– The transposition level is rather high – certainly enough to allow the start of negotiations. But there is a job to be done as well. More than 80 national legal acts still have to be developed and adopted. That includes laws, Governmental decisions and rulebooks. Serbia took on the internal obligation to complete transposition by 2018. This means that less than two years remain until the end of the period, making this a very ambitious task.
The EU requires transposition to be completed by the date of accession, so a longer period is possible. But this is really a national decision and now institutions are following the 2018 deadline.
Waste management is cited as the biggest problem in Serbia. What percentage of municipal waste is recycled on average in EU countries; which are the leading countries and where does Serbia rank in all of that?
– Waste management is a big problem almost everywhere. The recycling level of municipal waste is very much in correlation with the price of landfilling. When you look into the recycling rate and costs of landfilling, you can easily see that the highest level of recycling – 50% and more – is achieved in Austria, Germany, Belgium and Sweden, where landfilling of untreated waste is prohibited entirely, or where the landfill tax is relatively high.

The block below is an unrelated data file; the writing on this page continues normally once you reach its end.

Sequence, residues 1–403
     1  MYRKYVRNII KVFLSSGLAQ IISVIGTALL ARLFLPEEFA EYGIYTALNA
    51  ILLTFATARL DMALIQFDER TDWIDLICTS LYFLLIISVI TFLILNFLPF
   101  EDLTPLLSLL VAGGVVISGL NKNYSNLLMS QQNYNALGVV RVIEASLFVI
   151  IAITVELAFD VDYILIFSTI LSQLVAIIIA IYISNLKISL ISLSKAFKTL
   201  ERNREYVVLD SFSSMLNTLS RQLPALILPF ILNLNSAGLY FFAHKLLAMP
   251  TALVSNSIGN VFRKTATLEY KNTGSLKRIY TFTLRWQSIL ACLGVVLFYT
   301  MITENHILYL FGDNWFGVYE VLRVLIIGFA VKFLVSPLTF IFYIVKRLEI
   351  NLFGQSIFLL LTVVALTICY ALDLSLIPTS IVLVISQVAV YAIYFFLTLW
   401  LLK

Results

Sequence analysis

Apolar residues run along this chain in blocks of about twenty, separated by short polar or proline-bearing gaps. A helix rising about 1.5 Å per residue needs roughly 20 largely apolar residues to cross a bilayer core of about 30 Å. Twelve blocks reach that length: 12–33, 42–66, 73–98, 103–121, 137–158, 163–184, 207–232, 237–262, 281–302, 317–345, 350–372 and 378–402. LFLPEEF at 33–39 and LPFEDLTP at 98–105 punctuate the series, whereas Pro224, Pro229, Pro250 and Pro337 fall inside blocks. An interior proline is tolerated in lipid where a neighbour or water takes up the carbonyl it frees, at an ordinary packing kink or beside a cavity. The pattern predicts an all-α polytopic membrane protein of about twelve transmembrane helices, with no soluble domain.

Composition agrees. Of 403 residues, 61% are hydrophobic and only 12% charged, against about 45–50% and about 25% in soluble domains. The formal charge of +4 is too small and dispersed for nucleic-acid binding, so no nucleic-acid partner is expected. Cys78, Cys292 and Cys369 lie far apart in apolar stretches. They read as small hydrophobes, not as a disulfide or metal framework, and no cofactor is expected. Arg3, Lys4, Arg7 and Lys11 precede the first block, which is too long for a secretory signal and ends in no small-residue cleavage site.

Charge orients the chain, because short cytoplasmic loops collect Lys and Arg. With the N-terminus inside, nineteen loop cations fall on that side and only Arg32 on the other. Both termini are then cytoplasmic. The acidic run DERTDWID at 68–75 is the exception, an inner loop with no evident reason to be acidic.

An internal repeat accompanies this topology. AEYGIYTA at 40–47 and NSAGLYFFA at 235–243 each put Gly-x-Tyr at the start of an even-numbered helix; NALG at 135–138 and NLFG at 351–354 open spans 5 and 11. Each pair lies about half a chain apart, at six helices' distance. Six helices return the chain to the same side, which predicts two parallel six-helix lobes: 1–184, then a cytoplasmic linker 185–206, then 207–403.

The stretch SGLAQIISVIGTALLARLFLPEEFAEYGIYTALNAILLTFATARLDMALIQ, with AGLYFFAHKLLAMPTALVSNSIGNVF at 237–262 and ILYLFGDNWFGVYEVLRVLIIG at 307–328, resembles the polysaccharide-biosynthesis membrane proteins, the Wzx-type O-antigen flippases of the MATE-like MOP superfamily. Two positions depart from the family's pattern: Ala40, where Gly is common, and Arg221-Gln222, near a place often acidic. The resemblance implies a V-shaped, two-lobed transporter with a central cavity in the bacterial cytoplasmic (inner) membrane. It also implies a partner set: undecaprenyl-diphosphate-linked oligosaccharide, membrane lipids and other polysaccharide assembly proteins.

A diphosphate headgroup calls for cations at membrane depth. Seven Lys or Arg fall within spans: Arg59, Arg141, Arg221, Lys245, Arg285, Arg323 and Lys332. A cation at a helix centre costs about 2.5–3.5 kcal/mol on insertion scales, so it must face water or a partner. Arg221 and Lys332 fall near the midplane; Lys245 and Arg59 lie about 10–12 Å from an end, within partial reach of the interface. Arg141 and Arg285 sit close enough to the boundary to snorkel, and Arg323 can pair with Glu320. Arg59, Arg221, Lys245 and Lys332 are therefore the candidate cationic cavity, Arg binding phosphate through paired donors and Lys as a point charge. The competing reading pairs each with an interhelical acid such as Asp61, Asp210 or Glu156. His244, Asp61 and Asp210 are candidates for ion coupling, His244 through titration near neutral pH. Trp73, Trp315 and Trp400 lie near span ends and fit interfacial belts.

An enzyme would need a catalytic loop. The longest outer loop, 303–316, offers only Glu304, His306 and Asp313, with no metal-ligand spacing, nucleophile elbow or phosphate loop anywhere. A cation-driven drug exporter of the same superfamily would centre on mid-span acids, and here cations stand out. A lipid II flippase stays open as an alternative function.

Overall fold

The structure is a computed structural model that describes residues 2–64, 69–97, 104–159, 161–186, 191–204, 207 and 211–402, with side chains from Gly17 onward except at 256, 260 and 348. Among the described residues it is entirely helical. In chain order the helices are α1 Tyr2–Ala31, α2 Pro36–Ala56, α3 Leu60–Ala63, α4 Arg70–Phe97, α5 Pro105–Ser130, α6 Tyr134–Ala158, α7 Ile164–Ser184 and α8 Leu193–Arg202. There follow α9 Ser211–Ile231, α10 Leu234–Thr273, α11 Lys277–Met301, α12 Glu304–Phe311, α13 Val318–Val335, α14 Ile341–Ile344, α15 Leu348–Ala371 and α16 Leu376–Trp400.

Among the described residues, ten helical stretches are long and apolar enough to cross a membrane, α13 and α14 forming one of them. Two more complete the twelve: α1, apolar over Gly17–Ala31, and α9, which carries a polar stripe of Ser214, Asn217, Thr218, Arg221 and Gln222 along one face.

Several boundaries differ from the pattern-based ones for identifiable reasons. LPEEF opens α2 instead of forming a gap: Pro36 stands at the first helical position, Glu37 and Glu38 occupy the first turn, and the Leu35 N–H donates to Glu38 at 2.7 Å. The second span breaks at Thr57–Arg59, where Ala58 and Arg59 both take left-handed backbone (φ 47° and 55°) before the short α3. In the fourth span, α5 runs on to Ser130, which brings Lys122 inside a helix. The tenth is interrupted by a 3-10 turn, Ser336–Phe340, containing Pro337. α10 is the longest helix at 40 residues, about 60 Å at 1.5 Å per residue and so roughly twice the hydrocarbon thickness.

In some countries, the landfill tax alone totals more than €80 per tonne. This is several times higher than what you have to pay currently when delivering waste to a landfill site in Serbia. But that’s how the market works. You need to raise the landfilling price in order for other options – source separation and recycling or incineration – to become economically viable. Serbia is now recycling about 5%, but also people pay significantly less for the service.